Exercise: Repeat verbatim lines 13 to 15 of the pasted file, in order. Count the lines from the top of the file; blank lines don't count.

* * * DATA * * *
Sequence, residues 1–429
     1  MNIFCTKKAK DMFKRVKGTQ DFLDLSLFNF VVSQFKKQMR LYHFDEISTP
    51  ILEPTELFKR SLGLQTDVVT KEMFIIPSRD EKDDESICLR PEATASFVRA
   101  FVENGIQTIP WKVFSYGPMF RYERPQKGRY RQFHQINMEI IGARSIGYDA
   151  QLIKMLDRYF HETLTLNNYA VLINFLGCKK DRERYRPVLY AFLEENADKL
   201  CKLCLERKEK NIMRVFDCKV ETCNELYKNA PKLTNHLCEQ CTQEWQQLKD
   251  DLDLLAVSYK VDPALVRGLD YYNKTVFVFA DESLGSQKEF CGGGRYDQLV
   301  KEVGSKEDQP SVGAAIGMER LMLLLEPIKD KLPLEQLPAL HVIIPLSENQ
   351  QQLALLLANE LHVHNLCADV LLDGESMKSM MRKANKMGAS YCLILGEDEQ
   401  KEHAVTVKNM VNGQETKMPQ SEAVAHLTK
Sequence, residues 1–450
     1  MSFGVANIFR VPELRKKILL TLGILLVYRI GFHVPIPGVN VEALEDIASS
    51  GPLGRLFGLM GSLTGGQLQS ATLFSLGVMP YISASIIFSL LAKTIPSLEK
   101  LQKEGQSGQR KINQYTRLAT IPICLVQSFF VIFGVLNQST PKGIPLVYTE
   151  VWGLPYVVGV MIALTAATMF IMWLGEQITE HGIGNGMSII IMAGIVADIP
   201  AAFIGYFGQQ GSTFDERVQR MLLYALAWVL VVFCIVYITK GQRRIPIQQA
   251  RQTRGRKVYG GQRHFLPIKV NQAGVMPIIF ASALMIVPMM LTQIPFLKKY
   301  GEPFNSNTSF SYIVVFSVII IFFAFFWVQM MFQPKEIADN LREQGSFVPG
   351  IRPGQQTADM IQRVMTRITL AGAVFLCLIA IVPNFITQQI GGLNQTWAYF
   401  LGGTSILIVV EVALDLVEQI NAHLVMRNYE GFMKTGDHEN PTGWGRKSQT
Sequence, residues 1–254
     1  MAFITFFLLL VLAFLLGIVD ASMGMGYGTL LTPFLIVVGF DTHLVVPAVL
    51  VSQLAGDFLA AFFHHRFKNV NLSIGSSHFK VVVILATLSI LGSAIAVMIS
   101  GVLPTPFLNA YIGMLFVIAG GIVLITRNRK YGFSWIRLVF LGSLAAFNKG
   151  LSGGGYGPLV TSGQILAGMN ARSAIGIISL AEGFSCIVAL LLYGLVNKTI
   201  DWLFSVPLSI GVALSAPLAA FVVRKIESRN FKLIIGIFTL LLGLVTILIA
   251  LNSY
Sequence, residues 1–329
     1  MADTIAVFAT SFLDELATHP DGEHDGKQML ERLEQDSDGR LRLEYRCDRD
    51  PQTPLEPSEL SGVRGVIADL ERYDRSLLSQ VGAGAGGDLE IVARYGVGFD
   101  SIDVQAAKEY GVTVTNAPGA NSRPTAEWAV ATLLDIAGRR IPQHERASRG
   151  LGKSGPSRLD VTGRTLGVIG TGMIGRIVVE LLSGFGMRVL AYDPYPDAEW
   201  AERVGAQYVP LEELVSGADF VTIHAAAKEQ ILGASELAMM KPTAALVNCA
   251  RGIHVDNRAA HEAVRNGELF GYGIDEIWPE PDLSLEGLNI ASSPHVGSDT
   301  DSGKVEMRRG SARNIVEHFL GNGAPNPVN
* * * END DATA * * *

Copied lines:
    51  GPLGRLFGLM GSLTGGQLQS ATLFSLGVMP YISASIIFSL LAKTIPSLEK
   101  LQKEGQSGQR KINQYTRLAT IPICLVQSFF VIFGVLNQST PKGIPLVYTE
   151  VWGLPYVVGV MIALTAATMF IMWLGEQITE HGIGNGMSII IMAGIVADIP